Check­ing out Chuck E. Cheese’s

South Shore Breaker - - NAVIGATE ATLANTIC - HEATHER LAURA CLARKE THE MOM SCENE heather­lau­r­aclarke@gmail.com

Our son turned eight ear­lier this sum­mer and his birthday fell dur­ing our fam­ily’s va­ca­tion to On­tario to see my dad and step­mother. We’d toyed with the idea of tak­ing the kids to Canada’s Won­der­land for the day but it felt too ex­pen­sive — es­pe­cially con­sid­er­ing nei­ther kid would be tall enough for any of the “good” rides yet.

Then I re­mem­bered my dad men­tion­ing there was a Chuck E. Cheese’s nearby in Mis­sis­sauga. I didn’t re­ally know any­thing ex­cept there would be pizza and games — I kept pic­tur­ing the Whack-a-mole one. I also knew their tagline, prob­a­bly from watch­ing United States com­mer­cials as a child: “Where A Kid Can Be A Kid.” It sounded per­fect.

I Googled a three-minute Chuck E. Cheese’s com­mer­cial and played it for the kids — they were en­thralled. This place was REAL?! They were go­ing to GO THERE?! They were as ex­cited as if we’d planned a trip to Dis­ney World. (Not gonna hap­pen.)

They bounced in­side, star­ryeyed and could barely hold still long enough to get their kid­nap­ping-pre­ven­tion stamp. (Par­ents and kids have their hands stamped with in­vis­i­ble ink codes, so no one can leave with­out their proper guardian. It’s great!) In­stead of tick­ets or to­kens, they were armed with plas­tic swipe cards called Play Passes that would work on any of the games or rides.

Once we were safely in­side the gate, we turned the kids loose and they bopped around a large room from game to game. And oh, there were MANY games. There were classic ar­cade-style games where you shot bas­ket­balls or tried to knock coins into holes. There were ride-on rac­ing games with cars and mo­tor­cy­cles. There were dig­i­tal games like Crossy Road and An­gry Birds. There was even a skip­ping game where you had to leap over a flash­ing jump rope pro­jec­tion.

The adults ended up buy­ing Play Pass cards to share so we could play in­stead of just watch­ing the kids have all the fun. I al­ter­nated be­tween Skee-ball and Deal or No Deal and pre­ferred the lat­ter be­cause it lasted the long­est.

The kids were noth­ing more than blurs as they zoomed around the room. Some­times I’d spot one of them re­lax­ing in a “ride” (the kinds of rides they have in malls) while the other was mer­ci­lessly beat­ing plas­tic go­phers back into their bur­rows. They’d ap­pear at our sides when­ever their cards were emp­tied, and I de­cided it was best not to ask my hus­band how much he spent reload­ing them.

Af­ter each game, the ma­chine would spit out tick­ets — usu­ally be­tween two and five, depend­ing on how well we did. The birthday boy ac­tu­ally won 500 tick­ets in a sin­gle game of An­gry Birds, which was very ex­cit­ing.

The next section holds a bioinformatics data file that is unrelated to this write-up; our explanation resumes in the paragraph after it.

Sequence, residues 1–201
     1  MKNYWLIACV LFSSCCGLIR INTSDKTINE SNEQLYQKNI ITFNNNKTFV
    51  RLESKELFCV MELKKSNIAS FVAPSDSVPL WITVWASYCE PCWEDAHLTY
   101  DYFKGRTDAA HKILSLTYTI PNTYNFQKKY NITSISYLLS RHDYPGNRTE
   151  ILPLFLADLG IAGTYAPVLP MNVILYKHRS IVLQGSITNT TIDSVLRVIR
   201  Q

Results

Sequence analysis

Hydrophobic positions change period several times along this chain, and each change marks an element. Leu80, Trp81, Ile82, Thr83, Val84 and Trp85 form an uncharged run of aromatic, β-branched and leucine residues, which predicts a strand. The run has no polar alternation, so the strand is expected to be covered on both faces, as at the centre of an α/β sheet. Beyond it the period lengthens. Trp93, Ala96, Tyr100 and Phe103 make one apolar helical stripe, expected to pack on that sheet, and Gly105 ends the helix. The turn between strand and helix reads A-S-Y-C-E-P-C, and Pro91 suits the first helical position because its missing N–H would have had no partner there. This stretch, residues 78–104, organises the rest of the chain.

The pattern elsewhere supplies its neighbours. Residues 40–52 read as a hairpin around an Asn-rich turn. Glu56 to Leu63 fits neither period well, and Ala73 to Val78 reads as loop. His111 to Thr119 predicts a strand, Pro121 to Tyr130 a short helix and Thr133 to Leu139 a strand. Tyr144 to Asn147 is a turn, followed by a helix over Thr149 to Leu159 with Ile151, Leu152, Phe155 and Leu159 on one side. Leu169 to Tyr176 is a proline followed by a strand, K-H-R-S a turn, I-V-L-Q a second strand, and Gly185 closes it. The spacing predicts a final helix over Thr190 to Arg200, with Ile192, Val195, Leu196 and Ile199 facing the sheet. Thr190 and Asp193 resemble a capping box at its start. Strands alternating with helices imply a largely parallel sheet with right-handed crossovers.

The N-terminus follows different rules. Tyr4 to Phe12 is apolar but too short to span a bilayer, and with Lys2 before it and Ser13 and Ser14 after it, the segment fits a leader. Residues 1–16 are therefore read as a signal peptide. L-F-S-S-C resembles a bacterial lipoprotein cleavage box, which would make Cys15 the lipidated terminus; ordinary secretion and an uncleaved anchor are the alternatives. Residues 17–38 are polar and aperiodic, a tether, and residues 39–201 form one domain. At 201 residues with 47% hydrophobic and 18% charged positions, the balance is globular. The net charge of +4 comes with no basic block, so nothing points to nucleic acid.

Even Chuck E. Cheese him­self made an ap­pear­ance ev­ery halfhour or so. He’d round up the kids for a quick dance and then shower them with free tick­ets. If you’ve ever watched chil­dren des­per­ately scram­ble for candy out of a pinata, you can un­der­stand how smoothly this went.

When it was time for din­ner, we sat down to eat some sub­par pizza and sip pop from dis­pos­able cups. TV screens blared a con­stant stream of Chuck E. Cheese videos, and ev­ery few min­utes — or so it seemed — we’d find our­selves groan­ing as we were treated to the sur­pris­ingly hip hop tune Chuck E.’s Happy Dance.

“Put your hands in the air as you jump up and down,” we’d find our­selves singing un­der our breath as we watched the mu­sic video for the bil­lionth time.

“Then you bop side to side, then you turn around. Then give your­self a high five! Just give your­self a high five!”

When we were ready to leave — well, the adults were ready to leave, the kids would have hap­pily lived there — it was time to re­deem our tick­ets. All of our pock­ets were stuffed, so you’d think we would have cleared out the prize counter.

Um, no. Six peo­ple play­ing games for about three hours earned enough tick­ets for two bags of cot­ton candy and a hand­ful of plas­tic mouse-shaped whis­tles. #facepalm.

Chuck E. Cheese was pricey and some­what an­noy­ing, but I can’t deny that our kids had an amaz­ing time there and are dy­ing to go back. I wouldn’t be sur­prised if Hal­i­fax earned its own lo­ca­tion soon, and it would cer­tainly be a good spot to throw a birthday party or just give the kids a spe­cial out­ing.

In fact, I could eas­ily see my­self go­ing with a cou­ple of friends and park­ing our­selves at one of the booths, drink­ing Diet Coke and eat­ing moz­zarella sticks, while our kids ran around and played — con­tent in the knowl­edge they can’t leave the build­ing with­out us. That sounds pretty nice, ac­tu­ally!

Heather Laura Clarke is a free­lance jour­nal­ist who mar­ried her high school sweet­heart. They moved from the city to the coun­try, where they spend their days mak­ing messes and mem­o­ries with their eight-year-old son and six-year-old daugh­ter. Fol­low their fam­ily’s ad­ven­tures over at www.heather­shand­madelife.com.

Heather Laura Clarke

The kids weren’t the only ones who en­joyed them­selves at Chuck E. Cheese’s, ac­cord­ing to Heather Laura Clarke.

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